//printing the binary of variable y

System.out.println(Integer.toBinaryString(y));

//using the AND operator on x and y

System.out.println("The result of x&y is: " +(x&y));

//printing the binary of x&y

System.out.println(Integer.toBinaryString(x&y));

}

}

The above-stated code is described as:

– initializes two variables **x** and **y**

– printing the binary of **x**

– printing the binary of **y**

– applying **& **operator on **x**,**y**

– printed the binary of **x&y**

The output of the above code is shown below:

From the output, it is observed that the binary of “x=5” and “y=7” is “101” and “111” respectively. When bitwise **AND **is applied on these, the result is “5” which has a binary value “101”.

**Using bitwise complement (~): **The bitwise complement operator is used in the code provided blew.

The above code gets the value of **z=2** and prints the bitwise complement of **z**.

The output can be seen below:

**Using bitwise left shift(<<): **We have practiced the following Java code to implement the bitwise left shift operator.

public class BitwiseOp {

public static void main(String[]args) {

//initializing variable

int a=4;

//binary of a

System.out.println(Integer.toBinaryString(a));

//using the bitwise left shift on a

System.out.println(a<<2);

//binary of a<<2

System.out.println(Integer.toBinaryString(a<<2));

}

}

The above code is described below:

– **a** variable is initialized

– printed the binary of **a**

– using bitwise shift operator on **a**

– getting the binary of **a<<2 **(number of bits that will be shifted)

The output of the code is shown below:

From the output, it is observed that the binary of “a=4” is “100” and when 2bits are shifted the binary would be “10000” and its equivalent decimal would be “16”.

**Using bitwise right shift(>>): **The applicability of the right shift operator is described in the following code.

public class BitwiseOp {

public static void main(String[]args) {

//initializing variable

int a=7;

//binary of a

System.out.println(Integer.toBinaryString(a));

//using the bitwise right shift on a

System.out.println(a>>2);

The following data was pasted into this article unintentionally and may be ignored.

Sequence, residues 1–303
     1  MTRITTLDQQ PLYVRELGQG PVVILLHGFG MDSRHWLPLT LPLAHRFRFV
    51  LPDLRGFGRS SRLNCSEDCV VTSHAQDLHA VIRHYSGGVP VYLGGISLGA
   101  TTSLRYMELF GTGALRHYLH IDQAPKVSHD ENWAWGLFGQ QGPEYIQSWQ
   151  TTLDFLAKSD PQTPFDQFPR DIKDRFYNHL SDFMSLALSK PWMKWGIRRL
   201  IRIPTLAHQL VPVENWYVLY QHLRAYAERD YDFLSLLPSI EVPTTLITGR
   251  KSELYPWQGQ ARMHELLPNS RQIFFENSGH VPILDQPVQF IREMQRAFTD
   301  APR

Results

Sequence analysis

//binary of a>>2

System.out.println(Integer.toBinaryString(a>>2));

}

}

The code is described as:

– variable **a** is initialized

– binary of **a** is printed

– applied right shift on **a**

– printed the binary of **a>>2**.

The output of the code is provided here:

The output shows that the right 2bits are removed from “111”(binary of 7) and the resulting binary is “1”.

**Using bitwise unsigned right shift(>>>): **The following code shows the usage of the bitwise unsigned right shift operator.

public class BitwiseOp {

public static void main(String[]args) {

//initializing variable

int x=11;

//binary of x

System.out.println(Integer.toBinaryString(x));

//using the bitwise unsigned right shift on x

System.out.println(x>>>2);

//binary of x>>>2

System.out.println(Integer.toBinaryString(x>>>2));

}

}

The description of the code is as:

– initialized a variable **x**

– printed the binary of **x**

– printed the result of **x>>>2**

– obtained the binary of **x>>>2**

The output can be seen in the following image:

The unsigned right shift operator moves the bit to the right and the vacant space is occupied by 2(as we have set the number of bits to 2) 0’s. Moreover, it is observed from the output that the rightmost 2bits are removed.

## Conclusion

The bitwise operators in Java are practiced by performing several operations on bitwise patterns. The bitwise pattern considers the bits for manipulating the data. This article demonstrates several bitwise operators in Java. The bitwise operators include bitwise AND, bitwise OR, bitwise complement, XOR etc. You would have learned the basic working and usage of all these bitwise operators in Java.